Class III medical devices, such as implantables, account for just 10 percent of all FDA-approved medical devices in the country, yet pose the greatest potential risk of patient harm, and therefore face the tightest regulatory oversight. Under section 510(k) of the U.S. Food, Drug and Cosmetic Act, any medical device manufacturer must notify the FDA and receive the approval of the agency prior to taking any such technology to market in the United States. Taking its name from the Act, that procedure is known as a 510(k) or premarket notification (PMN); through it, manufacturers must prove that their planned technology is as safe and effective – the standard is “substantially equivalent” – as another FDA-approved device. Products “that contain new materials or differ in design from products already on the market” must apply for pre-market approval (PMA), a much higher standard of review than the equivalency test of the 510(k) designation. PMA requires that manufacturers offer valid scientific evidence of the safety and effectiveness of their devices, including data from human clinical trials.
For manufacturers that prefer to launch their products in Europe, the CE Mark, which is the official stamp of approval from the unified regulatory bodies of the European Union, offers an alternative pathway to device approval. Like the U.S. Food, Drug, and Cosmetic Act, the EU Medical Device Directive (MDD) offers standards against which the safety and effectiveness of medical devices may be judged. The MDD rates devices according to five classes of risk; each product must meet technical and safety standards as well as a risk analysis. Under EU law, the CE Mark must be renewed annually, and for manufacturers that follow a full quality assurance pathway, the CE Mark is a self-certification, meaning that they must provide a Declaration of Conformity affirming that the product is manufactured to those specifications.
Tony Roder, Regulatory Affairs Executive for GE Healthcare, said that for manufacturers bringing medical devices to market in a global economy, there are always variations in regulatory approvals from one country to the next. In the 175 national markets in which GE competes, there are few standardized classification schemes aside from those shared by EU countries, he said. Aside from that, each process has its own timeline, which only increases with the severity of the potential for patient harm associated with increasing risk. The PMA process can take more than twice as long as the 90-day 510(k) timeline, whereas the CE mark process for a given technology can be completed within mere days depending upon the thoroughness of the technical documentation available.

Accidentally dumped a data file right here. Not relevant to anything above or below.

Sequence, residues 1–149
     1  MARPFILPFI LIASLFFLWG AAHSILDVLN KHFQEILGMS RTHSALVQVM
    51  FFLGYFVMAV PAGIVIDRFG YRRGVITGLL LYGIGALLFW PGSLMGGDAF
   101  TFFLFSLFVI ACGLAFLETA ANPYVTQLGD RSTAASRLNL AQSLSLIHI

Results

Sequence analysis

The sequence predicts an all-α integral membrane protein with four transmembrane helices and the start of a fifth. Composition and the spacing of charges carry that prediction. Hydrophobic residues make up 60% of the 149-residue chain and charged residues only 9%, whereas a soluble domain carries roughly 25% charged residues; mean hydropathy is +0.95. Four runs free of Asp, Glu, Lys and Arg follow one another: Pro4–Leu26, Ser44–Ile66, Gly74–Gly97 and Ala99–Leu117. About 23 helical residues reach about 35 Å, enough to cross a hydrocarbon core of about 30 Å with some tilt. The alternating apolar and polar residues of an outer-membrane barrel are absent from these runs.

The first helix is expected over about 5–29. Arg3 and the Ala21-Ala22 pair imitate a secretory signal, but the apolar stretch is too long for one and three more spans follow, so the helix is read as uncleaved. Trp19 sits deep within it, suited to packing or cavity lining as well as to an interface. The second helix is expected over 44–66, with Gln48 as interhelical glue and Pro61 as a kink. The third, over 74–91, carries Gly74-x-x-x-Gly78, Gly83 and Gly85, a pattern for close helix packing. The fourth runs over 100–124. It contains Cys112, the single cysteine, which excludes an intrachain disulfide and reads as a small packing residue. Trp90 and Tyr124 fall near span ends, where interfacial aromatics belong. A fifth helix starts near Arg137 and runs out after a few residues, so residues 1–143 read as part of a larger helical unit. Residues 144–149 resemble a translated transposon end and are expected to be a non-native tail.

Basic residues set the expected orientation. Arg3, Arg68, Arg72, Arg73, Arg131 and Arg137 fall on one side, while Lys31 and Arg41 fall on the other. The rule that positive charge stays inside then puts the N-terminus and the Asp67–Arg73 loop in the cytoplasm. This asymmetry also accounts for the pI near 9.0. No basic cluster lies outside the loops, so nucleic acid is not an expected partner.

“No matter how many markets you look at, we’re not going to get any globally harmonized risk classification of products,” Roder said. “There’s pathways to get things down-classified but it takes quite a long time, and it can be quite an arduous process to actually get that done.”
In the field of medical imaging, the majority of technologies currently on the market are “established, long-term-accepted, very mature technologies,” Roder said. Device-makers may offer iterative improvements upon them that don’t really reinvent the core elements of the technologies at work therein, but may open them to potentially new clinical applications. That means that the bulk of new products will follow the 510(k) pathway to market, which, for imaging devices “is probably one of the better ones around the globe,” he said. He believes that new EU medical device regulations issued this year are intended to more closely approximate the PMA approach to handling high-risk devices, which involves a greater deal of close collaboration with industry groups to overcome process and systems issues.
“There’s a lot of engagement with industry to proactively resolve issues that are problems for FDA and manufacturers, and alignment issues,” Roder said. “That has less of an impact on medical imaging technology than it does on other devices.”